To debunk the distortions of warmongers is not to defend tyranny.
How should libertarians assess the crisis in Ukraine? Some would have us believe that a true commitment to liberty entails (1) glorifying the “Euromaidan revolution” and the government it installed in Kiev, (2) welcoming, excusing, or studiously ignoring US involvement with that revolution and government, and (3) hysterically demonizing Vladimir Putin and his administration for Russia’s involvement in the affair. Since Ron Paul refuses to follow this formula or to remain silent on the issue, these “NATO-tarians,” as Justin Raimondo refers to them, deride him as an anti-freedom, anti-American, shill for the Kremlin.
Dr. Paul takes it all in stride of course, having endured the same kind of smears and dishonest rhetorical tricks his entire career. As he surely knows, the price of being a principled anti-interventionist is eternal patience. Still, it must be frustrating. After all he has done to teach Americans about the evils of empire and the bitter fruits of intervention, there are still legions of self-styled libertarians whose non-interventionism seems to go little further than admitting that the Iraq War was “a mistake,” and who portray opposition to US hostility against foreign governments as outright support for those governments.
“Yes, the Iraq War was clearly a mistake, but we have to confront Putin; we can’t let Iran ‘get nukes;’ we’ve got to save the Yazidis on the mountain; we must crush ISIS, et cetera, et cetera. What are you, a stooge of the Czar/Ayatollah/Caliph?”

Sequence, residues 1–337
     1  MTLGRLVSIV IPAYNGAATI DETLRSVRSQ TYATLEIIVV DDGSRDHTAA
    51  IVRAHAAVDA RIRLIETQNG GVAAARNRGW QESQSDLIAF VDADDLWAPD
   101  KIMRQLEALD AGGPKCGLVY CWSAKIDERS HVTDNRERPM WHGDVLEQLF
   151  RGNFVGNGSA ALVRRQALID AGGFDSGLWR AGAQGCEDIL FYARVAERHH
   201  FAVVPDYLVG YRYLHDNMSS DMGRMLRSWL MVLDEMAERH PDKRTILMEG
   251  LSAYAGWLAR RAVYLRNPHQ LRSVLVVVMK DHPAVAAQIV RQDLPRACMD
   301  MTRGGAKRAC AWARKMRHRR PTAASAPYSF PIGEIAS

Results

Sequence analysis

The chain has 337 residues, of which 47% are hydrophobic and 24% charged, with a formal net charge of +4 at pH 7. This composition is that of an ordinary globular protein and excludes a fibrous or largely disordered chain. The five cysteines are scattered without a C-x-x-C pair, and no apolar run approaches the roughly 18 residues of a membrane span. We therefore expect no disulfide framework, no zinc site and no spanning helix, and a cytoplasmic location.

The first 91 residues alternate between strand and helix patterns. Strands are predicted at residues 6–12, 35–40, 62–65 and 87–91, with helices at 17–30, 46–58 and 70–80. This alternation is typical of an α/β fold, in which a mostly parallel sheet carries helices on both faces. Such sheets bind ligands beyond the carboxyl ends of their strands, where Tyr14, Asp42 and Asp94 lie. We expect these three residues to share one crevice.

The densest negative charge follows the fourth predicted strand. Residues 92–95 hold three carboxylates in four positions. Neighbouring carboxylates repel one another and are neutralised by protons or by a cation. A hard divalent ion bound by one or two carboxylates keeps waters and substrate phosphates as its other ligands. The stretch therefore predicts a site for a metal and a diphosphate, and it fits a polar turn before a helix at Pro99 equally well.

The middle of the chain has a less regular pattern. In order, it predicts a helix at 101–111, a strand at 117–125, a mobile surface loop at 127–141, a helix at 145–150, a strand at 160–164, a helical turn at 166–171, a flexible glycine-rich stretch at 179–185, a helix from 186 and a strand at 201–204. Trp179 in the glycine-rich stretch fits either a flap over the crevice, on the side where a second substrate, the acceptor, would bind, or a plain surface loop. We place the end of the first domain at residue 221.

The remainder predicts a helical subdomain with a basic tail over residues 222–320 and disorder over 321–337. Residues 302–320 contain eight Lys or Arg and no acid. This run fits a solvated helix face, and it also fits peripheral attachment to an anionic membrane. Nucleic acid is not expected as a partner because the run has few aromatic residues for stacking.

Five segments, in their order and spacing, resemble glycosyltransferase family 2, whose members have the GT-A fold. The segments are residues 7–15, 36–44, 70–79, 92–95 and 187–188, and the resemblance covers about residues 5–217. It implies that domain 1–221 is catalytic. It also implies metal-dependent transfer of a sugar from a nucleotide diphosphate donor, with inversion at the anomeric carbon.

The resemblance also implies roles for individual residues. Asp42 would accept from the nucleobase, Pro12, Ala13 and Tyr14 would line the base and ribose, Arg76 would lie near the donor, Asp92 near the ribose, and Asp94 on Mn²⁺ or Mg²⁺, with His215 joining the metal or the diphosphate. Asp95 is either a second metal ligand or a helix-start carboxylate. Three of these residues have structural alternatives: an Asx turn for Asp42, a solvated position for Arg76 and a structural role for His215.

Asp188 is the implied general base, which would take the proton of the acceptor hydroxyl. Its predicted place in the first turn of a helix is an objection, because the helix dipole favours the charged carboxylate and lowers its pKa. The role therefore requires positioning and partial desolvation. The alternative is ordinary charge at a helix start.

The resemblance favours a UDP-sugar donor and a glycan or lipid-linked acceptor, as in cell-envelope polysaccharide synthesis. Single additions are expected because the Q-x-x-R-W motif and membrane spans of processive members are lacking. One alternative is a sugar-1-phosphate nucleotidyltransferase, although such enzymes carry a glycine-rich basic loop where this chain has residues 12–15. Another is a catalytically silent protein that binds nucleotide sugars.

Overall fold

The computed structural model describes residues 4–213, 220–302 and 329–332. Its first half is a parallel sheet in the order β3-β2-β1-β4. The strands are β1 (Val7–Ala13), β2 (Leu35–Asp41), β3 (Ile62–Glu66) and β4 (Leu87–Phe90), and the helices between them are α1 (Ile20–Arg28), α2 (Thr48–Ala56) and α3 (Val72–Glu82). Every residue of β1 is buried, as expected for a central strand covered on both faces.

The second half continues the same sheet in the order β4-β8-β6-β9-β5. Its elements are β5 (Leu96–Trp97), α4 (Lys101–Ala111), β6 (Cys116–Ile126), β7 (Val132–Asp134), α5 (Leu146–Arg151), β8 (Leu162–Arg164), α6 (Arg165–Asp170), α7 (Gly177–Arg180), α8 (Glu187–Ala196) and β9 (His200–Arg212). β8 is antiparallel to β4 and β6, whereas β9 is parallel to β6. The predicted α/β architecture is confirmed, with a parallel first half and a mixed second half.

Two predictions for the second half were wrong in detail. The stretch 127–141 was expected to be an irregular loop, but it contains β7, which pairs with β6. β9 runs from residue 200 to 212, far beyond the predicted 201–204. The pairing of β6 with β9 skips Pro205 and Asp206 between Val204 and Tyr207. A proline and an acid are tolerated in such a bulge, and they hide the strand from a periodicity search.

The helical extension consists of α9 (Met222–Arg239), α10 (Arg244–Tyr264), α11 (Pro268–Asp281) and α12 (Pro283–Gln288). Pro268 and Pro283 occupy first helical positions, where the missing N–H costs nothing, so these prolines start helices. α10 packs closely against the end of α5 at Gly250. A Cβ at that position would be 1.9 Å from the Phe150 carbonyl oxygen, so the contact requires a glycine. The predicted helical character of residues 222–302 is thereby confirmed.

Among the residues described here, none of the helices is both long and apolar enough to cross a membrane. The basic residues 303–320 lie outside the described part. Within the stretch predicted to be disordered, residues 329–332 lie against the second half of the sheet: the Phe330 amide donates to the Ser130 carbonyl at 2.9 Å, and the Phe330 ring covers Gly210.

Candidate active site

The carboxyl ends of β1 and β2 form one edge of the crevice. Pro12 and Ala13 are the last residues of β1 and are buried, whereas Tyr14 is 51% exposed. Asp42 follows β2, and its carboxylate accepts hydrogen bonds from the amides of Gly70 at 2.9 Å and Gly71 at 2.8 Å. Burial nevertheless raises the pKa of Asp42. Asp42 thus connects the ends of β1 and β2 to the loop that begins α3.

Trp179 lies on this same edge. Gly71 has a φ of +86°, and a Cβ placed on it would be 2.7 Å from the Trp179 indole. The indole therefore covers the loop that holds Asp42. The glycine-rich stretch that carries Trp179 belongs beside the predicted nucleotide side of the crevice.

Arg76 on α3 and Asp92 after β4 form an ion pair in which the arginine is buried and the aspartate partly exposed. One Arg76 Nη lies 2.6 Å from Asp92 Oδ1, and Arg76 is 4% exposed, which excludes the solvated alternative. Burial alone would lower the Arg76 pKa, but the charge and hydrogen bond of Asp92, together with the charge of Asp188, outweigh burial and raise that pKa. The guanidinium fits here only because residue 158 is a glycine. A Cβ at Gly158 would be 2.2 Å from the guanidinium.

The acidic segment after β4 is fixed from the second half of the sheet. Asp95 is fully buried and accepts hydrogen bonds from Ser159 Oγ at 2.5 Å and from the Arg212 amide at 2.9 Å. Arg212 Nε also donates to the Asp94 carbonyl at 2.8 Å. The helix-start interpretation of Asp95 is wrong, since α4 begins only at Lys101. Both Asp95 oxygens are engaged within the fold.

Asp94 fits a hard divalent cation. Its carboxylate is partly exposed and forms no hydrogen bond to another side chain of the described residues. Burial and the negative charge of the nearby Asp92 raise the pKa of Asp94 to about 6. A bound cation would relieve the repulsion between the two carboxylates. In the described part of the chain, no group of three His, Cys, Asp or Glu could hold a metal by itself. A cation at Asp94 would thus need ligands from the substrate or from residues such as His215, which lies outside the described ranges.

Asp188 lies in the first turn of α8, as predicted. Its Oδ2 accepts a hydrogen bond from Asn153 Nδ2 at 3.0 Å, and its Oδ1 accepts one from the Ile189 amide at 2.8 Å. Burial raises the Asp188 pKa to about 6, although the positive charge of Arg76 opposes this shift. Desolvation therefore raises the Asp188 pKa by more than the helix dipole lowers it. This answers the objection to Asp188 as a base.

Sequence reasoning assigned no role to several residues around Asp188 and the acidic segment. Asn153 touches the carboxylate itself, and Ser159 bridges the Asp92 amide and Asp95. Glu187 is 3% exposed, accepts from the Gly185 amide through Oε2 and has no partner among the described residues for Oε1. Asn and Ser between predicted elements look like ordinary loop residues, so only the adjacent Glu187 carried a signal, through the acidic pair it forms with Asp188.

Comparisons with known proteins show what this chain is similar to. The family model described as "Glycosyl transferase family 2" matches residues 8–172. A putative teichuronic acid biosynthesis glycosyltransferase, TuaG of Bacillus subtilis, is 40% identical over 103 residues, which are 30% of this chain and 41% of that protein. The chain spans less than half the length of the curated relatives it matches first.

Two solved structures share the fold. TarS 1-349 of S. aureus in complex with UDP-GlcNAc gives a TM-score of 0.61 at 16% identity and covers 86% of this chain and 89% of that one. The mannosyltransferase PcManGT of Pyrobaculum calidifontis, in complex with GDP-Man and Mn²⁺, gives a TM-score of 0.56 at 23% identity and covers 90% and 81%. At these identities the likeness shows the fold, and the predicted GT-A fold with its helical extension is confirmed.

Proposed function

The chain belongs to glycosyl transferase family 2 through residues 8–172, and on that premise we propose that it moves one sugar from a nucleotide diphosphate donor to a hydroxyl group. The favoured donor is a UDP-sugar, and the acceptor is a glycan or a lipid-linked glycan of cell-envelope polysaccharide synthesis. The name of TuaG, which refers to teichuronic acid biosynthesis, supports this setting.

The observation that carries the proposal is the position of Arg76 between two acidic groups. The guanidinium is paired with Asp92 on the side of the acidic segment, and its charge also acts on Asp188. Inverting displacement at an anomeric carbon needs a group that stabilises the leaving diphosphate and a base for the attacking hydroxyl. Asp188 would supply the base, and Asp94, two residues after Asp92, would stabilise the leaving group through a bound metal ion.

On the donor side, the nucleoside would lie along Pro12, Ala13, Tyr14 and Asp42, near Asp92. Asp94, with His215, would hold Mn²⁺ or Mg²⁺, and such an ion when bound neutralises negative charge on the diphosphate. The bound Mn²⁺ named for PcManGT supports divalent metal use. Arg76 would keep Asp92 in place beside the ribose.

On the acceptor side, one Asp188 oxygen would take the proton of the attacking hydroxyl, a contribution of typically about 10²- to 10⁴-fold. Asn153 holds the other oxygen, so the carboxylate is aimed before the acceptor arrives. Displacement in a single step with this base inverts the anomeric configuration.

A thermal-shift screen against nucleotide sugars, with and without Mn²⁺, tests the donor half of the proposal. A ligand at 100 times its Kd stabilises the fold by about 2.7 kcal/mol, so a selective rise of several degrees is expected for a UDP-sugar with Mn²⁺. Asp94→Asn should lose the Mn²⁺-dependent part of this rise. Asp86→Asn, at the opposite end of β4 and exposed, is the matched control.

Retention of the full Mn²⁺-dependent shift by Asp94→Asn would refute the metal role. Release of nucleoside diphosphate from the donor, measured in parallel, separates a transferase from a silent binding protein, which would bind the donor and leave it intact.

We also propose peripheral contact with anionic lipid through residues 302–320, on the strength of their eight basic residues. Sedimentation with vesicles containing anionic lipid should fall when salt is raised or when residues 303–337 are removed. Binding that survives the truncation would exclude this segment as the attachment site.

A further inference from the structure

Some of these same libertarians supported Ron Paul in 2008 and 2012, and presumably laughed along with the rest of us when the neocons tried to paint him as “pro-Saddam” for opposing the Iraq War and for debunking the lies and distortions that were used to sell it. Yet, today they do not hesitate to tar Dr. Paul as a “confused Pro-Putin libertarian” over his efforts to oppose US/NATO interventions in Ukraine and against Russia. Such tar has been extruded particularly profusely by an eastern-European-heavy faction of Students for Liberty which might be dubbed “Students for Collective Security.”
Amid an avalanche of attacks on antiwar Republican presidential candidate Ron Paul, the latest (as of midnight on Tuesday) is one in the comically-named “American Thinker,” a neocon web site for the intellectually challenged, which runs a piece by Adam Yoshida on “The Madness of Ron Paul.” The real irony here is that if anyone is an example of madness run amok it is Señor Yoshida, who wrote the following:
“Can any rational person deny that Michael Moore is a traitor? … Michael Moore should be made an example of. During the Revolutionary War, loyalists were tarred and feathered and sometimes killed. … In short, during virtually every major American war, subversion, sedition, and treason have been harshly dealt with and civil liberties have been curbed. This is the way things ought to be. This is the way that things must be.
“Vietnam was lost both because seditionists were allowed to run free and because the government failed to take proper action to curb them. Today Kent State is memorialized as a great tragedy because a few traitors (or those stupid enough to stand near them) were killed when, in fact, one of the great tragedies of the war was that there were obviously too few Kent States.”